Dorraine: Did you know in advance that involvement with Biscardi could be risky? And if so,
what made it worth the risk?
John: I definitely knew Biscardi’s reputation before going in. I knew about the frozen Bigfoot fiasco in Georgia and the captive Bigfoot in California from years ago. I also had heard dozens of stories from the web (they can’t put anything on the internet that isn’t true…I heard that on the internet…), internet radio shows and forums about his escapades but I am the kind of person who will not make an assumption about someone based solely on the opinions of others. So, I went into the agreement with both eyes wide open and looking for problems. The main thing I wanted to prove or disprove were the claims by others that he was a hoaxer. Some people involved with the frozen Bigfoot fiasco claimed that, once he, Biscardi, discovered that the Georgia Boys were a fake, he became the driving force behind the whole thing. Others close to that incident weren’t talking but there was an unspoken air of agreement. As to what it was that made it worth it; I really didn’t see any benefit other than a few bucks coming in and an opportunity to see what was on his archived footage.
Dorraine: Are you still involved with him? Has this caused problems for you as far as marketing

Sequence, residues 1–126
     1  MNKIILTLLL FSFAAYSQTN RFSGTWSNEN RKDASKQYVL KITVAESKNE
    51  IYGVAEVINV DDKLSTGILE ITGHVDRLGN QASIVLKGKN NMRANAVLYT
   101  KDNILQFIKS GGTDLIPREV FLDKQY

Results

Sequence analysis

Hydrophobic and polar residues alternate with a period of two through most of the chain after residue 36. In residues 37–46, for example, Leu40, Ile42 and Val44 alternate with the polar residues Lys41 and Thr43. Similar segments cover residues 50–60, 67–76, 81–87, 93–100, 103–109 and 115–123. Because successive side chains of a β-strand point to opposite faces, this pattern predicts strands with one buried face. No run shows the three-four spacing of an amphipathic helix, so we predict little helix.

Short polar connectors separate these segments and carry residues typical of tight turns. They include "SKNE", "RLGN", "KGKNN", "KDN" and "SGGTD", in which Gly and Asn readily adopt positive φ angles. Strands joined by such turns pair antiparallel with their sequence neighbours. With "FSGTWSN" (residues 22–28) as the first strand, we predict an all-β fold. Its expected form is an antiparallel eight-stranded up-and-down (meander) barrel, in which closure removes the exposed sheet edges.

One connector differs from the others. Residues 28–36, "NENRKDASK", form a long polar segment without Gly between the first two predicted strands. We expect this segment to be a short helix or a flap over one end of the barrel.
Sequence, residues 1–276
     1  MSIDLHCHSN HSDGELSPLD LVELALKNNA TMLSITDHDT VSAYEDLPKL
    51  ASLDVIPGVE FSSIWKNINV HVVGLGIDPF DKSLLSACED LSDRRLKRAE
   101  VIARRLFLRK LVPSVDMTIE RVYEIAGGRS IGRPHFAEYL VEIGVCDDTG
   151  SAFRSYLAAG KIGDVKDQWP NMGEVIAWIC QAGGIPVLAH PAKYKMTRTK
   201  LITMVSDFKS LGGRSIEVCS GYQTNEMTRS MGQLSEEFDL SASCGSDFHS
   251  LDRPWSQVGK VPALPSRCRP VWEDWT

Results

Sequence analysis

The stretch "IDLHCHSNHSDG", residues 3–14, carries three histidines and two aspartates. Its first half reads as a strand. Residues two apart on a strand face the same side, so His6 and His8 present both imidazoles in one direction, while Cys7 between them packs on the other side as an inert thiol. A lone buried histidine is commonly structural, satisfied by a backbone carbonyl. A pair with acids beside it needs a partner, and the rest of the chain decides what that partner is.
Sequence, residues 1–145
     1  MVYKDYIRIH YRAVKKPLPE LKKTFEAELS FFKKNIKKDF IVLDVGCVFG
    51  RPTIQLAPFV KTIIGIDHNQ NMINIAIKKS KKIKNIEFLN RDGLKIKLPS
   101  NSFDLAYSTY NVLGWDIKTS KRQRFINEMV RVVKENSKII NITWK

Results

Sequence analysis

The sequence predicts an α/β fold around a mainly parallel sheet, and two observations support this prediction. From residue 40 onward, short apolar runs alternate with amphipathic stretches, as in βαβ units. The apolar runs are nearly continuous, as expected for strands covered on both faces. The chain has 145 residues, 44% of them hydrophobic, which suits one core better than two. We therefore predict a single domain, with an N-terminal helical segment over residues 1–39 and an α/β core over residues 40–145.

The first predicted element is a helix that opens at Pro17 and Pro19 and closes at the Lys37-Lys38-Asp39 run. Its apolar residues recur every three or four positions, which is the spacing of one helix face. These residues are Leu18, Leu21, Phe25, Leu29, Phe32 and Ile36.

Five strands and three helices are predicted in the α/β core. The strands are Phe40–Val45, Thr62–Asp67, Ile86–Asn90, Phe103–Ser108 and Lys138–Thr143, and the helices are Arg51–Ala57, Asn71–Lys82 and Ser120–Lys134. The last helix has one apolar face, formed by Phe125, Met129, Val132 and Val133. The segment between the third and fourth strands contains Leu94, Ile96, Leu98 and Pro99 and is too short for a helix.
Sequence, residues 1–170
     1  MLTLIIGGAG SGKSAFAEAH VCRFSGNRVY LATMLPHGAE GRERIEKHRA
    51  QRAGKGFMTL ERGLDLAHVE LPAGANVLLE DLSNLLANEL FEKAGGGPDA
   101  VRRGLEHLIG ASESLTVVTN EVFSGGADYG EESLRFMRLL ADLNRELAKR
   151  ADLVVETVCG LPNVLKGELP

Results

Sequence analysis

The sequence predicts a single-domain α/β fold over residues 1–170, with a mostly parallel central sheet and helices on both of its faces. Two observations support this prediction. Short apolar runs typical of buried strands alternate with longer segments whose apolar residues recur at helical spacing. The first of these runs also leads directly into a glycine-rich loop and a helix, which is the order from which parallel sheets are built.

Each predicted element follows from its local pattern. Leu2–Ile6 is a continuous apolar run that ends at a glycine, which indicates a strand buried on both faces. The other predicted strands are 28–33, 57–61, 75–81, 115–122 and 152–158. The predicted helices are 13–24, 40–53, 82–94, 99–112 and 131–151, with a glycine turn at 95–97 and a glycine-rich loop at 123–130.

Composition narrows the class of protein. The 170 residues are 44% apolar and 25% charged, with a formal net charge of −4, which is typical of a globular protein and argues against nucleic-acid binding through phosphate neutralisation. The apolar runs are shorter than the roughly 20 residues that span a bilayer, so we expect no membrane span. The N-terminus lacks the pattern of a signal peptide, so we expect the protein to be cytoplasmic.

John: I am no longer associated with Biscardi. I found no proof that he was involved with any hoaxes, but I did find proof, through personal experience, that he was a liar and a cheat. I terminated the relationship during the marketing phase of the project and sought the aid of my media lawyer to obtain satisfaction. I will not go into those proceedings except to say that I was, possibly, the only person to get blood from a stone.
Dorraine: What prompted the production of this documentary? Whose idea was it and how
did it all start?
John: As Biscardi and I were discussing our other projects, the topic of the PG Film came up. Biscardi told me that he had footage of Heironimus and Philip Morris discussing their roles in the film. I proposed the project and it began in earnest as Tom went to interview Greg Long near Yakima and I went to Kentucky to interview Leroy Blevins. There was also footage from an investor in the project who gave Roger Patterson money to make the film.